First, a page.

MONTREAL—The decision to close a high school pool to give three Muslim girls a private swimming class is stoking debate over the place of faith in Quebec's public institutions.
At issue is the practice known as "reasonable accommodation" for religious views, one that's increasingly common in a city that's home to most of Quebec's immigrants.
Parents say the decision by Commission Scolaire Marie-Victorin, with more that 40,000 students in 80 schools, risks encouraging "segregation in the name of religion."
The board argues it is simply respecting provisions of a recent Supreme Court judgment on wearing Sikh kirpans (ceremonial daggers) in classrooms that set limits on restricting religious rights.
The most recent chapter in the argument centres on a request from three Muslim students at Antoine-Brossard high school in the South Shore suburb of Brossard, who asked to be excused from swimming class because their religion rejects sharing a pool with men.
The board demurred, saying children couldn't beg off the requirements, which are part of a physical education curriculum, but could take the swimming test needed to pass the course under special circumstances.
So last Friday morning, the pool was closed to all other students and tables were placed in front of the windows so the three girls would be shielded from view. A female teacher administered the test, aided by another female school employee.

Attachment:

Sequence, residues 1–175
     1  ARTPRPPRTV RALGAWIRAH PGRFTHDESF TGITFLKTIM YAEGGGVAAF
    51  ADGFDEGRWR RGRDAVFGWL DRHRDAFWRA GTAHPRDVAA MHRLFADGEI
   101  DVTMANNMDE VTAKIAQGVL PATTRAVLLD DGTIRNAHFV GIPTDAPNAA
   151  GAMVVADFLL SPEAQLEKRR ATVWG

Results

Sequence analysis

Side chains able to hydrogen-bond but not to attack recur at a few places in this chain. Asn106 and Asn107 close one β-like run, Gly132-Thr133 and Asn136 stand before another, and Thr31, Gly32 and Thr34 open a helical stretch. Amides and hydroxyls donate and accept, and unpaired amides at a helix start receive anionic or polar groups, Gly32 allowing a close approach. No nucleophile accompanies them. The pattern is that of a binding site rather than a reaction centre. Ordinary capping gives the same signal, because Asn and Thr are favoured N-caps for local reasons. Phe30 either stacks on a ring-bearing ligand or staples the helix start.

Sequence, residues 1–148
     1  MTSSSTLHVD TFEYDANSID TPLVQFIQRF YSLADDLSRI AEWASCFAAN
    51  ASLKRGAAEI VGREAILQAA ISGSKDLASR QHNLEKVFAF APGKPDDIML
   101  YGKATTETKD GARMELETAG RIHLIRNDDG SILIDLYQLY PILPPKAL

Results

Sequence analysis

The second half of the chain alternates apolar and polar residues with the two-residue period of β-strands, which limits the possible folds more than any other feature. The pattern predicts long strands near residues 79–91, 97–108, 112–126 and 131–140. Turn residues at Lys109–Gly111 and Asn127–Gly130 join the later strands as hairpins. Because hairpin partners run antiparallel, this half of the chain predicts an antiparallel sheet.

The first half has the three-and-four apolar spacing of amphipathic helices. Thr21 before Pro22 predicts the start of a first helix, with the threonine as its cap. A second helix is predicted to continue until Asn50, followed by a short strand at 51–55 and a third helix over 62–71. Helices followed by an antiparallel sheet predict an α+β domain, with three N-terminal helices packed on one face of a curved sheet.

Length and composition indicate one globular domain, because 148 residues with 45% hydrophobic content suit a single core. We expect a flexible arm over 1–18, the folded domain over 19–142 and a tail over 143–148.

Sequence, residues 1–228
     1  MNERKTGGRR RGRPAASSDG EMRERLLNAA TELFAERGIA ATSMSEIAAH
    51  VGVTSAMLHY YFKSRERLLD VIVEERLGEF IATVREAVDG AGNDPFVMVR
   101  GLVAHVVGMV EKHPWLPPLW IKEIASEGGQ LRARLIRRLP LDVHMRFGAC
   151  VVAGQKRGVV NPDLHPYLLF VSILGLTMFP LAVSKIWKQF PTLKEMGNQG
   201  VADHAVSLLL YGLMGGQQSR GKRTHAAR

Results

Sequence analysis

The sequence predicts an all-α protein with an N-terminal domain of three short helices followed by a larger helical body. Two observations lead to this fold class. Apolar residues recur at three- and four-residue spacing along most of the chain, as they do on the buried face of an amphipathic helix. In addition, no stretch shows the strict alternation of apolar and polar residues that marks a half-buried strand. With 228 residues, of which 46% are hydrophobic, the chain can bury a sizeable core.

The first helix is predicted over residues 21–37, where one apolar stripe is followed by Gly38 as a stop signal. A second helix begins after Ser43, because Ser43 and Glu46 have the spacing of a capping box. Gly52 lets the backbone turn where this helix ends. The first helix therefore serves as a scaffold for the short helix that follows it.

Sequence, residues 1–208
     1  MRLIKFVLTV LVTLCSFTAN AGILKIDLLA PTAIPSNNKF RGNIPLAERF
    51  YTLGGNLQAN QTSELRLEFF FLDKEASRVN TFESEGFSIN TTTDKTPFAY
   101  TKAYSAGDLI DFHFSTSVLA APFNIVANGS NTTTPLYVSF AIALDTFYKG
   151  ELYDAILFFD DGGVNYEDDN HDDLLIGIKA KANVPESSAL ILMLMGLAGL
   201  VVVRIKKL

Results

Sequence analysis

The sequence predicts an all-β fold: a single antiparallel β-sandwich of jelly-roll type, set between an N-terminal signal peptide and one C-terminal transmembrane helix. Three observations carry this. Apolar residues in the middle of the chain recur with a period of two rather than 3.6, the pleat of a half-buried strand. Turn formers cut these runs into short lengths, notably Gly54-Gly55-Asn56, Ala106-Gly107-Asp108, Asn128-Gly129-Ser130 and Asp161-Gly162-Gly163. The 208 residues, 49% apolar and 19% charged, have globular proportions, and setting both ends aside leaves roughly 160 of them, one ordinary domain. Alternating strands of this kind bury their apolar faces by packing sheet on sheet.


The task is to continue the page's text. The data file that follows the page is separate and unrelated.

The problem with all that, says the parental representative on Antoine-Brossard's "conseil d'établissement" (parent-teacher council) is that, when the question was brought to the council, it unanimously decided to demand the board shelve that decision.
Fouad Cheddadi, a Muslim whose children attend the school, told reporters this week, "This is a decision that makes a lot of parents uncomfortable. The main goal of school is to provide secular instruction to children. It's a place where all cultures meet."
School board officials referred all questions to its executive director François Houde, who could not be reached for comment.
Houde told La Presse, "This issue is closed," noting the board is constrained by the Constitution and by high court rulings that spell out "an obligation to find a reasonable accommodation."
The board notes many other public pools in Montreal, especially in areas with large Jewish, Muslim and Sikh populations, have time set aside specifically for women.
Last week's swim test is just the latest incident illustrating Quebec's recent struggles to reconcile constitutionally guaranteed religious freedoms — especially those exercised by minorities — with the increasing secularization of public institutions.